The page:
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One of the required textbooks for First Nations 1020 is “The Inconvenient Indian” by Thomas King. I did not have the typical student-textbook relationship with this book, which consists of reading a few chapters, not using it, and then cramming all the information for finals. Right from the beginning I was lured into the writing style of Thomas King, the different themes that occurred in each chapter, and his bluntness towards social issues was refreshing. I believe this book should be a mandatory read for all Canadian students because it creates a real and uncensored perspective of events that have shaped North America, and talks about the realities of our First Nations people. So teachers throw away those distorted textbooks and educate students with this brilliancy!
The purpose of this read was so we can pick one of the hundreds social issues mentioned in the book, and individually research to become experts on that issue in order to write a research paper. My topic was on racial profiling and I went into depth about starlight tours, police brutality, and the reasons why Aboriginal people are victimized. Through this assignment I was able to realize what I wanted to study in university - Criminology and First Nations Studies, combining my interests in justice and equality for all beings.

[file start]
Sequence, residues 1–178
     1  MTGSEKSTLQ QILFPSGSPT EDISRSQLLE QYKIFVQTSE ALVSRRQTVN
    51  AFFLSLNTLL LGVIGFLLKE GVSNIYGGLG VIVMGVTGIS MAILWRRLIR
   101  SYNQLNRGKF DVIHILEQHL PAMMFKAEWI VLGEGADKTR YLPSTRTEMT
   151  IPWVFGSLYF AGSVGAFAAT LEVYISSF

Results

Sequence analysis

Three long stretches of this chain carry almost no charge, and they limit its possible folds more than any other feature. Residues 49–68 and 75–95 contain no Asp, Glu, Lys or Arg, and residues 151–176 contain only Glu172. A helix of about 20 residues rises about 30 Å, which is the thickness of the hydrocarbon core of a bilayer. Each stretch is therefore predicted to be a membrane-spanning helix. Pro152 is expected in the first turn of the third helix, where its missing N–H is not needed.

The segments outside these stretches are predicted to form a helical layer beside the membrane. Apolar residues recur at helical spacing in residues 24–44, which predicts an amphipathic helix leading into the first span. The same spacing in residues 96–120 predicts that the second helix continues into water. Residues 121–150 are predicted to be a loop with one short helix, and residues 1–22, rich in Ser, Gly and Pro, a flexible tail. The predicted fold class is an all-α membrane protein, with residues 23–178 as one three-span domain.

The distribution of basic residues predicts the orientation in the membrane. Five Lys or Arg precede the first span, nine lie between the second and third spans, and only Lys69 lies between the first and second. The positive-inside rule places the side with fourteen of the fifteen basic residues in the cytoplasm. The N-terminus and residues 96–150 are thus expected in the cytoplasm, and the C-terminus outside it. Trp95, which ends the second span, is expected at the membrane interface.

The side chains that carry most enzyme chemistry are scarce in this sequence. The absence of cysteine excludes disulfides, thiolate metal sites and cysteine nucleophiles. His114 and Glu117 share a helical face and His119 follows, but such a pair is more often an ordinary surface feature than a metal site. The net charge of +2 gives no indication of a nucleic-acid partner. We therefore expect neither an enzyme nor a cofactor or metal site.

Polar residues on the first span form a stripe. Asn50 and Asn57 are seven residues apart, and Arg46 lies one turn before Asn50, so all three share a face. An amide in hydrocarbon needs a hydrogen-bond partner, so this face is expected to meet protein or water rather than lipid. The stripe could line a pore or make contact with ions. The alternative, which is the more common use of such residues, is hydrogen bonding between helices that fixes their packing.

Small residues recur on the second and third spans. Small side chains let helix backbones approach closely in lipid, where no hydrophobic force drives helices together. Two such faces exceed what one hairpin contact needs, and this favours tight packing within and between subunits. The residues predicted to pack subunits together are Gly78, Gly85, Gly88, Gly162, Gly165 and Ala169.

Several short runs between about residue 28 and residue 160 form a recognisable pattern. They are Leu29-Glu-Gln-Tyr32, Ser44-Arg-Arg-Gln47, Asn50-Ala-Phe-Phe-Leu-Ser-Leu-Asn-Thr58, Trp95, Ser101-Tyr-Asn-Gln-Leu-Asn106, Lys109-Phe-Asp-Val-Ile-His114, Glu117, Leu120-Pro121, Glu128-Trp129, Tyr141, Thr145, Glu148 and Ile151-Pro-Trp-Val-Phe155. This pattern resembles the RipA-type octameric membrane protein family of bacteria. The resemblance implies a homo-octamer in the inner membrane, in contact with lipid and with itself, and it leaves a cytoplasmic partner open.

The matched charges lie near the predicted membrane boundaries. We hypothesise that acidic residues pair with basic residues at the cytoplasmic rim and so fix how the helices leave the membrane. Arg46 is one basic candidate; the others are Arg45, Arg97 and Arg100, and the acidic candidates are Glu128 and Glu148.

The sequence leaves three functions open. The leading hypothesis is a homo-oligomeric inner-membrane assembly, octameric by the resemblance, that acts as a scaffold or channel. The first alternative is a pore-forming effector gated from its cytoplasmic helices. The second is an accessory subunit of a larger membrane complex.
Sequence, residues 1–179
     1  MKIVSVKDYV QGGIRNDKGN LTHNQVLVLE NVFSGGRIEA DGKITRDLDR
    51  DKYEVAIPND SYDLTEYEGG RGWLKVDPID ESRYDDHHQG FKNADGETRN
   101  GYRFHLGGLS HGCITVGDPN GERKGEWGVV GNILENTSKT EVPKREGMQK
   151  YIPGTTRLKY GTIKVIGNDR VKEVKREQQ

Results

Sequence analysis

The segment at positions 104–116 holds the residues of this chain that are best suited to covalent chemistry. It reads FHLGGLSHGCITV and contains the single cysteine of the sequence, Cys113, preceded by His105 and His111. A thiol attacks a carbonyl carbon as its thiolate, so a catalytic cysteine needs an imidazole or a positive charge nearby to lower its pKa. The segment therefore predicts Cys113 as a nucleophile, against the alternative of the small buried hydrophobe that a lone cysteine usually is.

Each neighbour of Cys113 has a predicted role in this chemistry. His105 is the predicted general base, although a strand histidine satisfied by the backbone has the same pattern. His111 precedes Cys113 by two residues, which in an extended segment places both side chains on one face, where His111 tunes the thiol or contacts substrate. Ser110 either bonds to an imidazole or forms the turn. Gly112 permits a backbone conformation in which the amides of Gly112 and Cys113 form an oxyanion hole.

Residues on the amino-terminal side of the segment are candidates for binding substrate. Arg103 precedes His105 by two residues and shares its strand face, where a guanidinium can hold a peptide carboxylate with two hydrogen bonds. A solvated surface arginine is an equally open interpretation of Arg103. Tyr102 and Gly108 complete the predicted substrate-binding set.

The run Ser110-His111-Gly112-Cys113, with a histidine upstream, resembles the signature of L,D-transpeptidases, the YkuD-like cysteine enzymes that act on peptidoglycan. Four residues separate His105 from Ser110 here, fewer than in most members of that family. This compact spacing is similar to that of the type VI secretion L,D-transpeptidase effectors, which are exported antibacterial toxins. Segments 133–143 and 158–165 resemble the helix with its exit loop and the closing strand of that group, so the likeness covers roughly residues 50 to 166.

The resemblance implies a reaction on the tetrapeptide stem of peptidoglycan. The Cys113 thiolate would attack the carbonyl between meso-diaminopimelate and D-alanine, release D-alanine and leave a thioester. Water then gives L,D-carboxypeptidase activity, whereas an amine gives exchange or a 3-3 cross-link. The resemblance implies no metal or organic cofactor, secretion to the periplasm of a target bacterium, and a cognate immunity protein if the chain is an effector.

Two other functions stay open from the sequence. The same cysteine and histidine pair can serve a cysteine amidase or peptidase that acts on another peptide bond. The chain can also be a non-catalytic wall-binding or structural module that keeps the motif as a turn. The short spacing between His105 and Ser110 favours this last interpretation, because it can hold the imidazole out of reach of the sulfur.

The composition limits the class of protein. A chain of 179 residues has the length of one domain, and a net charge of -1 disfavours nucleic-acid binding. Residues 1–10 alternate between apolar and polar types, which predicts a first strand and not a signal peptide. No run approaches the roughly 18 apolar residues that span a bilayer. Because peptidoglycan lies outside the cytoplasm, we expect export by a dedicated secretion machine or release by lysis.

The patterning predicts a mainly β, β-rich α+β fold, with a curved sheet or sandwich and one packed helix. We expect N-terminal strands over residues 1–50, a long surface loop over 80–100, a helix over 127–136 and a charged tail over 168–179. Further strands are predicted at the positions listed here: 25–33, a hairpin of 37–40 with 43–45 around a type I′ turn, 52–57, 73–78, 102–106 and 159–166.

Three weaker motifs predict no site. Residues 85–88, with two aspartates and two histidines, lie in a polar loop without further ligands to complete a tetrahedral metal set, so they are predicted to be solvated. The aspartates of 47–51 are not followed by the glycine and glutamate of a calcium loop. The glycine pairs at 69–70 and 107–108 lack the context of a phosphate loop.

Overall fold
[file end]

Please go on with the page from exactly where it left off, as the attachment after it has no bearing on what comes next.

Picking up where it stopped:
Through Thomas King’s writing, I was able to know the true realities about colonization, cultural appropriation, portrayal of Aboriginals in films and media, residential schools, and the land. As someone who is not a fan of non-fiction books, his work was able to capture my interest with the same styles fiction authors use. Textbooks about histories, treaties, laws and policies can be very complicated and hard to understand, but this book encompasses all the education Canadians need, in order to end ignorance in an understandable manner.
I am going to end this blog with my favourite quote from this book:
“In 1492, Columbus sailed the ocean blue, On second thought, let’s not start with Columbus. Helen was right. Let’s forget Columbus. You know, now that I say it out loud, I even like the sound of it. Forget Columbus…”
December 19, 2014
Written by: Janani Thillainathan